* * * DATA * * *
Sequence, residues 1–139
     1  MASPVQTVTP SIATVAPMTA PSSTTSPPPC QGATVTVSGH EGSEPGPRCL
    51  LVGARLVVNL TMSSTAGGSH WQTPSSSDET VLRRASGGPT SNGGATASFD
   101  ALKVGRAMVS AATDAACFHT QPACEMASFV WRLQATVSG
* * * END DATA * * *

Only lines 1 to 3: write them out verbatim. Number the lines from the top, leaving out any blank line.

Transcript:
Sequence, residues 1–139
     1  MASPVQTVTP SIATVAPMTA PSSTTSPPPC QGATVTVSGH EGSEPGPRCL
    51  LVGARLVVNL TMSSTAGGSH WQTPSSSDET VLRRASGGPT SNGGATASFD